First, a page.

The puck lights are also magnetic, so these small, but strong ceramic block magnets, will be used to attach the puck lights to the inside of the colanders.

The magnets fit perfectly inside the back of the puck lights.

Now I was ready to insert the puck lights in the colanders. However, there was a glitch. The colanders are not magnetic. Had not counted on that, but where there’s a will, there’s a way.

Problem solved with Velcro

Velcro to the rescue! I had a roll of Velcro adhesive strip on hand. I cut about a 2″ strip and stuck one side of the Velcro to the magnets which were on the back of the puck lights. The adhesive on the back of the Velcro adheres well to the magnets, but I also smeared a little liquid nails on it.

The other side of the Velcro strip is stuck to the inside of the colander.

Precautionary measure

Now let me explain the green wire you see in the center. As a precaution, I wired the Velcro strip to the colander because I don’t trust the adhesive on the Velcro to stay adhered forever. Below, you can see the magnetic hooks fed through the holes in the bottom of the colander. Keep in mind, this area of the colander won’t been seen, because the round magnets disks will be sticking to the metal ceiling.

The Velcro on the puck light is attached to the Velcro on the inside of the colander. With the cord fed through the hole my husband created, it was now time to hang the lights.

Hanging the colander lights to the ceiling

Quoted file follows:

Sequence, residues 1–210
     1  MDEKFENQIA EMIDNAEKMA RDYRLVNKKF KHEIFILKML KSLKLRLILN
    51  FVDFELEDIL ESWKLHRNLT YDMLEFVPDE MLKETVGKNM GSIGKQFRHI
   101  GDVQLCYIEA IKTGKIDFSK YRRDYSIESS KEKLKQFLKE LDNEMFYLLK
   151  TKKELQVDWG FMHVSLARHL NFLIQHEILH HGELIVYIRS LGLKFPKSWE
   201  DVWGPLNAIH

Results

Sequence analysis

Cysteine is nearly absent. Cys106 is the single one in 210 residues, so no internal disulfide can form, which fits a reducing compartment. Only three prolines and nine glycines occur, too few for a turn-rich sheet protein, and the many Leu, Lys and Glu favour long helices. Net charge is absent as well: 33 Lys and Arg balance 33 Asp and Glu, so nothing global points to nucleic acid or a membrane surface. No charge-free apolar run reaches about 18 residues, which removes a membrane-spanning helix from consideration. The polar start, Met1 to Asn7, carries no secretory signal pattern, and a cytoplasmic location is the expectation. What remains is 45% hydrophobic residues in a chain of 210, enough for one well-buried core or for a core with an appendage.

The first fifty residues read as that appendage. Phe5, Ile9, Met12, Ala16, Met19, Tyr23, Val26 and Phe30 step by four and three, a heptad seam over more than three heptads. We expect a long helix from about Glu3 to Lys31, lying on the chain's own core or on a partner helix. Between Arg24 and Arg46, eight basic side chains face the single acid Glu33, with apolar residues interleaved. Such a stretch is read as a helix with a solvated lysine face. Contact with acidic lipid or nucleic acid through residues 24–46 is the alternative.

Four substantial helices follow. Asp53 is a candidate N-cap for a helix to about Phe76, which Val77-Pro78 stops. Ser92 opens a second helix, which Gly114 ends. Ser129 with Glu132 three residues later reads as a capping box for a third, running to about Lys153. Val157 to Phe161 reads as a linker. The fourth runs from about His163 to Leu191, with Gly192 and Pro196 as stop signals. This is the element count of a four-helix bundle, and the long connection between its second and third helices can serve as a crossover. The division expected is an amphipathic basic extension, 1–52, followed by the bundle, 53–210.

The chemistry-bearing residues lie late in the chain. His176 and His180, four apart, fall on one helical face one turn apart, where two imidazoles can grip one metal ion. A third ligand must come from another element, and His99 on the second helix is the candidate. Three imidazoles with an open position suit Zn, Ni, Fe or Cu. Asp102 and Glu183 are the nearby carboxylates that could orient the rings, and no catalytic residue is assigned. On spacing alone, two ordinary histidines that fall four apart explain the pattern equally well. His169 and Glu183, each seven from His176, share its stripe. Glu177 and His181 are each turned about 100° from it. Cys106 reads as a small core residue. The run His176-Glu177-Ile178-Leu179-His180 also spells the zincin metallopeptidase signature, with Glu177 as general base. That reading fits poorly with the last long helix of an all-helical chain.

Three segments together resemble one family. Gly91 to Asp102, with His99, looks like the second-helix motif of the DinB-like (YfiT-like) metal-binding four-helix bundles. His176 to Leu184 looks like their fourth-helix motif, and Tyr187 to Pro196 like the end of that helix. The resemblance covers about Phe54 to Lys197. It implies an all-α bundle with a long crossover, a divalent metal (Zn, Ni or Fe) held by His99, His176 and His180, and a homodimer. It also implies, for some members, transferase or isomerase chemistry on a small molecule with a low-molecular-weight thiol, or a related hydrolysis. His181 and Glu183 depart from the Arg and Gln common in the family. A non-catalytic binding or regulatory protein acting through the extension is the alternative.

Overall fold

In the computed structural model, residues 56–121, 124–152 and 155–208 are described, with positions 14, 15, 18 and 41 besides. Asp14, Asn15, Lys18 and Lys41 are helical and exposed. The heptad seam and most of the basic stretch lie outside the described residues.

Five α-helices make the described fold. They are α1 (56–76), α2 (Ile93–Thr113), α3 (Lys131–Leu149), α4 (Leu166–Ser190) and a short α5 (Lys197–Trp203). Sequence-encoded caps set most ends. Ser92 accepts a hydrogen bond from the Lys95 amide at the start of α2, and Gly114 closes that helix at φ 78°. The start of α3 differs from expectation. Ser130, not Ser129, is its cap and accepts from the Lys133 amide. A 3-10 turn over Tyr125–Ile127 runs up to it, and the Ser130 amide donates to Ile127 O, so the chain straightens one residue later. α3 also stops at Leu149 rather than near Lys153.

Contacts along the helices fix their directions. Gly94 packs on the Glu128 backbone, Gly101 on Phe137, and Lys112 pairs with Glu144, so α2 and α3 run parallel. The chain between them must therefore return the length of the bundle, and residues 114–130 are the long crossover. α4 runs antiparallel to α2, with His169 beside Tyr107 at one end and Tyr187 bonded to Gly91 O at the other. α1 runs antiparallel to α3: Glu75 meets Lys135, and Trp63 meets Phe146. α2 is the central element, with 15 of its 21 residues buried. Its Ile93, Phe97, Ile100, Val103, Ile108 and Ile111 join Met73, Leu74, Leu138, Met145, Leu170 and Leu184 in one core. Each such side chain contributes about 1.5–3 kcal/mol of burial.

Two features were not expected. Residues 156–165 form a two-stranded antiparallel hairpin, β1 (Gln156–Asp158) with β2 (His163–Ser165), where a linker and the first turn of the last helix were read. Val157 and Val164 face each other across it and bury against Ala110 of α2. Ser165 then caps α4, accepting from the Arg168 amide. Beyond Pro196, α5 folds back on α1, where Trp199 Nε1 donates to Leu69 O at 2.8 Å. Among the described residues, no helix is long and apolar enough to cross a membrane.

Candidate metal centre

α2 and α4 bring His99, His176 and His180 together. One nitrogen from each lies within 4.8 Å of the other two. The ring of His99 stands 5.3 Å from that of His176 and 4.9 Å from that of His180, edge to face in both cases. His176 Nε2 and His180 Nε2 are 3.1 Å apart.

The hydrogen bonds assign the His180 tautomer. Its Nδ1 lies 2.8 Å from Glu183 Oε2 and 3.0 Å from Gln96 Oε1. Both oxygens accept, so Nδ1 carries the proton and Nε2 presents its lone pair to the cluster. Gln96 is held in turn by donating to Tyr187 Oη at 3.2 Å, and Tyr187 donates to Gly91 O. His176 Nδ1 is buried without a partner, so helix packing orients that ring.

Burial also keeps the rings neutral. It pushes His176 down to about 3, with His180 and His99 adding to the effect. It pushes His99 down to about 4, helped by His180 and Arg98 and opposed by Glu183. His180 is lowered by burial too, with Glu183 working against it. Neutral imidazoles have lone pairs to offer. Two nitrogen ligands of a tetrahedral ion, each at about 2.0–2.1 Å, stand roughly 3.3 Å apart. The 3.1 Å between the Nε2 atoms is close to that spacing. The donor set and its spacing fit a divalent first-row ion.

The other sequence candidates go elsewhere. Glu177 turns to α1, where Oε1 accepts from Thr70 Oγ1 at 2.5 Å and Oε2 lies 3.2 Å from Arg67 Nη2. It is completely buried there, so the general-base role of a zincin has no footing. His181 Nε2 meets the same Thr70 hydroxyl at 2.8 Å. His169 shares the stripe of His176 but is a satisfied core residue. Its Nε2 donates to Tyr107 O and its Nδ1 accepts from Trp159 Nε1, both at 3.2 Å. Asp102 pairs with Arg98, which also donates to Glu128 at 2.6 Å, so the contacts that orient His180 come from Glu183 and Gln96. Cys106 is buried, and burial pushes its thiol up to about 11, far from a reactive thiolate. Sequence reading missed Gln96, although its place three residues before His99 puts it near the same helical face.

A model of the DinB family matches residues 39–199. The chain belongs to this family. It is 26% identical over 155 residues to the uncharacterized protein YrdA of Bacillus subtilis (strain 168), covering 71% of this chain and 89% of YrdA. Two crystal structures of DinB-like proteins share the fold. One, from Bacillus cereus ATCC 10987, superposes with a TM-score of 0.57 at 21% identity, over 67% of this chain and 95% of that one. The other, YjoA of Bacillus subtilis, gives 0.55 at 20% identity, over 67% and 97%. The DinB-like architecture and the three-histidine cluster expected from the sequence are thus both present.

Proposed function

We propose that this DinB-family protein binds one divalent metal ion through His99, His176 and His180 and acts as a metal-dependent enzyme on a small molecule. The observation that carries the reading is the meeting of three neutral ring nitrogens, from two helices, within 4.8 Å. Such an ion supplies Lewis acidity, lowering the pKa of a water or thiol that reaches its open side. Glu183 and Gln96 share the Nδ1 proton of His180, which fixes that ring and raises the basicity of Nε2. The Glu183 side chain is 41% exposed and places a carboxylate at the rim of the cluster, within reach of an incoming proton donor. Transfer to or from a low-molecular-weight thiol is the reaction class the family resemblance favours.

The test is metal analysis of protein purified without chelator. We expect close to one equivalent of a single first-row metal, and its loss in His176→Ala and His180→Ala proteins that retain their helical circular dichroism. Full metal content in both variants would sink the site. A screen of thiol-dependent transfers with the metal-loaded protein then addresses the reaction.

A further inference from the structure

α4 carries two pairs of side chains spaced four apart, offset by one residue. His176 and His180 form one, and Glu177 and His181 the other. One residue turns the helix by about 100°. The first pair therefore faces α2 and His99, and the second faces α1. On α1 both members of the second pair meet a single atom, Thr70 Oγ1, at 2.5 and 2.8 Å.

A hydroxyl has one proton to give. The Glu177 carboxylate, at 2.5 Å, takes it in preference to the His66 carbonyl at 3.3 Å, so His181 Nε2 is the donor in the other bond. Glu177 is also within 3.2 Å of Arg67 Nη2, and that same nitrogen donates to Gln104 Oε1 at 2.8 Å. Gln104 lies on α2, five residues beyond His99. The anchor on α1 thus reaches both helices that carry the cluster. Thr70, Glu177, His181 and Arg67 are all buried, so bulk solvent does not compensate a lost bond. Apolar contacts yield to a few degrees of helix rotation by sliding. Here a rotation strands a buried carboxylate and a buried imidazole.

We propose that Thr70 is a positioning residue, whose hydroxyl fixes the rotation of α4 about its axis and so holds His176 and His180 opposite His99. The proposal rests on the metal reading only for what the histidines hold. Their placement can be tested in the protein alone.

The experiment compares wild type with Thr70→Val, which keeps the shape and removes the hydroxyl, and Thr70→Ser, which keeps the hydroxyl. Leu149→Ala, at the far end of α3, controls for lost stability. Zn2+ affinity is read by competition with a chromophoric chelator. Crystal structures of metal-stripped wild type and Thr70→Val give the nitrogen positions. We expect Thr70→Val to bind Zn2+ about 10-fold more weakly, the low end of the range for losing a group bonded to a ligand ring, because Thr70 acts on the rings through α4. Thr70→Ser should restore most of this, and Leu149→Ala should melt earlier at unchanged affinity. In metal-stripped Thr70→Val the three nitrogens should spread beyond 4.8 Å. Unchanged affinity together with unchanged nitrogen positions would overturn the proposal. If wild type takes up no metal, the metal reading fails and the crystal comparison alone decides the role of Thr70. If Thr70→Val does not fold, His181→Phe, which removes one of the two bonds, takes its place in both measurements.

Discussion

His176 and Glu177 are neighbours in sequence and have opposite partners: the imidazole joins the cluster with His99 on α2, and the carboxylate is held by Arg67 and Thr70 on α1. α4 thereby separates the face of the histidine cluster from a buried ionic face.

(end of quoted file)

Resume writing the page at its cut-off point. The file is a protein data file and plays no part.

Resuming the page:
With the magnetic hooks in the colanders, I pressed them to the ceiling until they magnetized to the metal. I then attached the puck light cord connector coming out of the colander to the connector on the cord in the J-trim.

DIY hanging colander lights!

Light switch problem

However, there was one last glitch to find a solution for. The on and off switches for the puck lights are on the cords. They would be too difficult to reach to turn the lights on and off. The solution to that problem is to use wireless outlet remotes.

They are awesome and the wireless outlet remotes I bought include three wireless outlet boxes and one remote. You plug one of the wireless outlet boxes into a wall outlet, plug your lamp into the box and turn it on and off with the appropriate button on the wireless remote.

Both puck lights are plugged into the same wireless outlet box. The remote is hanging on our refrigerator with a Command StripĀ®. All I have to do is push one button and both lights come on over the counter top. It works great.

DIY Hanging colander lights project completed

I realize that not all of you have sheet metal on your ceiling. If you have a drywall ceiling and would like to try this DIY hanging colander light project, there are other ways to do this. They could be attached to the ceiling using drywall anchors and screw-in hooks. Another option would be to use long wood screws pushed through the existing holes in the colander and screwed into drywall anchors in the ceiling. If you don’t have decoration and curtains to hide the electric cords like I do, you could research creative ways to conceal them.

Like I said earlier, where there’s a will…there’s a way.

If you do try this DIY project, I would love to know. Please send pictures!